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Yorktown Home Guru Releases Book of 'Practical Advice'

Bill Primavera. Contributed photo.
Bill Primavera. Contributed photo.

Yorktown realtor a longtime publicist Bill Primavera has released a book titled "Musings of the Home Guru: Armchair Observations and Advice about Buying, Selling, and Fixing Homes, both Practical and Absurd."

He promises his readers – whether a first-time home buyer, a senior looking to downsize, or a realtor looking for a fun closing gift for a client – a funny and interesting read. 

"I only know that I don’t want to write anything that I wouldn’t want to read, and in the real estate field, I’ve read a lot of stuff that makes me want to curl up and fall asleep," Primavera said.

Primavera described his book as a guide for anyone dealing with the day-to-day challenges and opportunities that come with home ownership. 

Chapters include a wide range of musings on topics both practical and mundane, and sometimes absurd, according to Primavera, such as the demise of the home telephone; how St. Joseph becomes the patron saint of home sales; how men and women differ in selecting a home; what household dust is really made of; 10 good reasons to hate your neighbor; the secrets and dangers of hoarding; decorating for romance (and more) in the bedroom; how size really matters today; what to do when a house smells; the curse of living with a neatnik; and the history of the toilet. 

Patch caught up with Primavera for more on his book:

Patch: Why did you decide to write a book? 

Bill Primavera: 
It wasn't a decision, actually. I was a journalist/PR guy before I got into real estate, so I used that skill set to write weekly articles about the home to promote my real estate practice, first in the former North County News for five years, and for the past five years, in The Examiner News, as well as on Patch. Actually it was a realtor/friend who suggested that my style was different, more conversational in approach, and that I should do a compilation of my stories in a book.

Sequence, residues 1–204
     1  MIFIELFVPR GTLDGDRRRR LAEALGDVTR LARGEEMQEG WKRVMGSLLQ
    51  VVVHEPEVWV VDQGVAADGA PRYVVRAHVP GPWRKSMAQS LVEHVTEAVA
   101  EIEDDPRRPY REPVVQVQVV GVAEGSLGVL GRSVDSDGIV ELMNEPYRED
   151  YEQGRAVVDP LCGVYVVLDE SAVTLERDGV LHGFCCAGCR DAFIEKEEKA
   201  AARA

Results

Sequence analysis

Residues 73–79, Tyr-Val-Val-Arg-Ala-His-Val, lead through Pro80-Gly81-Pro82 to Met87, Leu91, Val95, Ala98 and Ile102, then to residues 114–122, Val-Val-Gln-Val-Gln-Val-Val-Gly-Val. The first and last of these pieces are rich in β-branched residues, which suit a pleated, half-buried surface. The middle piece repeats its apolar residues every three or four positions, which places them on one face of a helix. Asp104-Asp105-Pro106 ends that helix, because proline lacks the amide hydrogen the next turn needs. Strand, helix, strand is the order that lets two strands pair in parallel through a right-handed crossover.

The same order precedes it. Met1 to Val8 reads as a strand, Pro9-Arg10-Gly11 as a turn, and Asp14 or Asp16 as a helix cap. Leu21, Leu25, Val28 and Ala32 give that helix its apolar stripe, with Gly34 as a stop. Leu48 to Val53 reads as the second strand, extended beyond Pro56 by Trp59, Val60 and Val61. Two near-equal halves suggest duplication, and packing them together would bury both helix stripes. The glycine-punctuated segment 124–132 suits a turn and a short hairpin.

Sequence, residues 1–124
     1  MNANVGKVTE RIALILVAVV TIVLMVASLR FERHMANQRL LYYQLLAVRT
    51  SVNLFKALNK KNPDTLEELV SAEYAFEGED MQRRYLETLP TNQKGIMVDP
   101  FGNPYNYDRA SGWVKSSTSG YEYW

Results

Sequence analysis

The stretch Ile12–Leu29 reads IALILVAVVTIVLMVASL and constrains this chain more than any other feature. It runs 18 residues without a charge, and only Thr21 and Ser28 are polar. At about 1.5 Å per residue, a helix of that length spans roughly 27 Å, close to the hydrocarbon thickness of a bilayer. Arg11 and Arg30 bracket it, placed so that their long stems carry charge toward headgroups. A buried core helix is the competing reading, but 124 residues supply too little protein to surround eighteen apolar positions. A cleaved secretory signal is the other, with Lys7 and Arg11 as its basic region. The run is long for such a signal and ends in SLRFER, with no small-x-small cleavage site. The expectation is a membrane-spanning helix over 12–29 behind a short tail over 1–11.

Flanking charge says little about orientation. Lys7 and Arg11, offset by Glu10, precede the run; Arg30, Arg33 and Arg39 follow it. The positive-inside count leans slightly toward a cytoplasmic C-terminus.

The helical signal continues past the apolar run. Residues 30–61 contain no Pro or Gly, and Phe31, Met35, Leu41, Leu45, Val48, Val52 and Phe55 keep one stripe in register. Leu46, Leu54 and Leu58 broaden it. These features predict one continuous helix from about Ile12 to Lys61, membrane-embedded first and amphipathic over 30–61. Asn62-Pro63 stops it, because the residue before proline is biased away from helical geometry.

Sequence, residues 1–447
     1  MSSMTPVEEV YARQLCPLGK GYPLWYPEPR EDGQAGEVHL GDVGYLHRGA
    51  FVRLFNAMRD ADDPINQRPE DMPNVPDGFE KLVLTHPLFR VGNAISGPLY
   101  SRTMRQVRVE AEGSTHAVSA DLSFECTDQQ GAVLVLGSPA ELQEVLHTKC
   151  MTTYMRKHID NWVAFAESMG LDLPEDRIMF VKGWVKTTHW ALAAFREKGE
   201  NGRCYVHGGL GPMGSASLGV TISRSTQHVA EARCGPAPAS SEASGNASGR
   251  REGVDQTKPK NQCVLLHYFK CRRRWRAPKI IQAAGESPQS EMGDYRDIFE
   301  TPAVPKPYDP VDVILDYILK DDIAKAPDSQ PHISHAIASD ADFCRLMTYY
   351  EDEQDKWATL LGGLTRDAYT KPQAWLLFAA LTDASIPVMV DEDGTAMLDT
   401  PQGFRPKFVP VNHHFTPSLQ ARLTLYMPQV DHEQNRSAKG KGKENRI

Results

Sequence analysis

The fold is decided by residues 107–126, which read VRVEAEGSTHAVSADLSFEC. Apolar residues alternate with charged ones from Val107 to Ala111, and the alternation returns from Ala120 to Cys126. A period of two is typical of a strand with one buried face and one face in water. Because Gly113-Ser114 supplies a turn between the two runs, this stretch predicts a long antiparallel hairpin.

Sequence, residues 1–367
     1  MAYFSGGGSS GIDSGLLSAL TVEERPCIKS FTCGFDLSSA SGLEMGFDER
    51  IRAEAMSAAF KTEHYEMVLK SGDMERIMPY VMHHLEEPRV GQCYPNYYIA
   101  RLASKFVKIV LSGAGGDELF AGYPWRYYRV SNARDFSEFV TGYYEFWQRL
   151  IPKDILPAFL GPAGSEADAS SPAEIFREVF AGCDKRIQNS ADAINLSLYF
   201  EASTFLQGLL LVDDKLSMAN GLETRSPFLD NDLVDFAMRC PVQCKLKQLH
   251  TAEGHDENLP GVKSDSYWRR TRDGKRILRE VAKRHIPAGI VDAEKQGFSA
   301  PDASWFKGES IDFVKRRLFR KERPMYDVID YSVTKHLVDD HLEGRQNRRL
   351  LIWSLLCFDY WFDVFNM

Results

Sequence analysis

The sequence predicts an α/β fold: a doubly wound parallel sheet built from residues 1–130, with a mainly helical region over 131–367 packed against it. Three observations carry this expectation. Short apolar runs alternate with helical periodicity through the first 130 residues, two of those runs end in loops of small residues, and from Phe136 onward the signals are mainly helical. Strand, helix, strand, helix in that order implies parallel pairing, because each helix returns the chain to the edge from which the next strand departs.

Patch: How long did it take to write your book? 

Primavera: 
Since I already had all the raw material from my articles, it took only about six months, but the credit for editing and designing the book goes to my daughter and right-hand woman Emma Primavera who sped the plow, so to speak. It gave me great joy to work side by side with her, as I do in my public relations firm which is my second -- or is it my third? -- career.

Patch: What are you most proud of? 

Primavera: 
I have never missed a deadline in 10 years, no matter whether I was traveling on business and no matter how busy I may have been in either of my two career pursuits, the other being running the public relations firm, the first to be established in Westchester that is still successfully humming along. As you may know, while I specialized for many years in national restaurant chains, food and wine companies, I've lately started handling business accounts locally in Westchester. My next book might be about the crazy and wonderful world of public relations.

Patch: What were some of the challenges along the way? 

Primavera: